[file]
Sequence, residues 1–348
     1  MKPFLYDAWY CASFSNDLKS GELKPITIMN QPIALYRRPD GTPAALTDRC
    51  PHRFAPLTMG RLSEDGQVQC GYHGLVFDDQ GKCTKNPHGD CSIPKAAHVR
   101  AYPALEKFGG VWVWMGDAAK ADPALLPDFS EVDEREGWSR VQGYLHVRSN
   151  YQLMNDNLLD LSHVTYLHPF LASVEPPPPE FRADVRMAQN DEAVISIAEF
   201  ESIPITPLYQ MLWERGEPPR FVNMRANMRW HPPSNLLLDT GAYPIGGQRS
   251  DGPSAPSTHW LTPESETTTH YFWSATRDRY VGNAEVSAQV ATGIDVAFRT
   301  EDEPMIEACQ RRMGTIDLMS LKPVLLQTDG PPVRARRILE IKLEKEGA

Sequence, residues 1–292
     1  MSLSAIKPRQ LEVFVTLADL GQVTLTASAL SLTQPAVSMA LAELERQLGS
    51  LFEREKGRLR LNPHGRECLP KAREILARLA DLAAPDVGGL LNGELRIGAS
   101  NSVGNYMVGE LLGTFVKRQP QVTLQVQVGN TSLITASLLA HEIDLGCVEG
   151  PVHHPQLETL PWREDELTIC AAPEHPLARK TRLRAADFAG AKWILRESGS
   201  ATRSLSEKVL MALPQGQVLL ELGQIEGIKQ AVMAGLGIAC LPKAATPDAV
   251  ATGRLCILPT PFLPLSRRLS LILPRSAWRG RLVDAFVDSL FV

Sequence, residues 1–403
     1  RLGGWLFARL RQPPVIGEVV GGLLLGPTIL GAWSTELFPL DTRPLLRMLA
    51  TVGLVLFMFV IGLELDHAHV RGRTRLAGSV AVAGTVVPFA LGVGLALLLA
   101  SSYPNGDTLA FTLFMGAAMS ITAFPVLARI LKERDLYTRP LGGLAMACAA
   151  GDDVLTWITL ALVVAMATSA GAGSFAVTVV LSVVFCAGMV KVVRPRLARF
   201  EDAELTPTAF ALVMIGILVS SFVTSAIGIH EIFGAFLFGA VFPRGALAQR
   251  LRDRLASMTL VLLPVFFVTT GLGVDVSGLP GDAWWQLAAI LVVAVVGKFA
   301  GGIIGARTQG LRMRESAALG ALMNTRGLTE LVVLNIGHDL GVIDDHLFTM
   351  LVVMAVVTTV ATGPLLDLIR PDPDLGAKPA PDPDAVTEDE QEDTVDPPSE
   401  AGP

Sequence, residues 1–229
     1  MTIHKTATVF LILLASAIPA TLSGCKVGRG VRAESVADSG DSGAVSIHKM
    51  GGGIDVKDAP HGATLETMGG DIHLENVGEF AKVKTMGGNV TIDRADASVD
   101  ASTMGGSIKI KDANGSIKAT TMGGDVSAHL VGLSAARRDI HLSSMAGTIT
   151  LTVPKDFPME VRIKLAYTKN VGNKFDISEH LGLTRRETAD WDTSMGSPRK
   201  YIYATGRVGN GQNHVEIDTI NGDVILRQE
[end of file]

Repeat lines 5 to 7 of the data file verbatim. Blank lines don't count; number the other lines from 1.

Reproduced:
   151  YQLMNDNLLD LSHVTYLHPF LASVEPPPPE FRADVRMAQN DEAVISIAEF
   201  ESIPITPLYQ MLWERGEPPR FVNMRANMRW HPPSNLLLDT GAYPIGGQRS
   251  DGPSAPSTHW LTPESETTTH YFWSATRDRY VGNAEVSAQV ATGIDVAFRT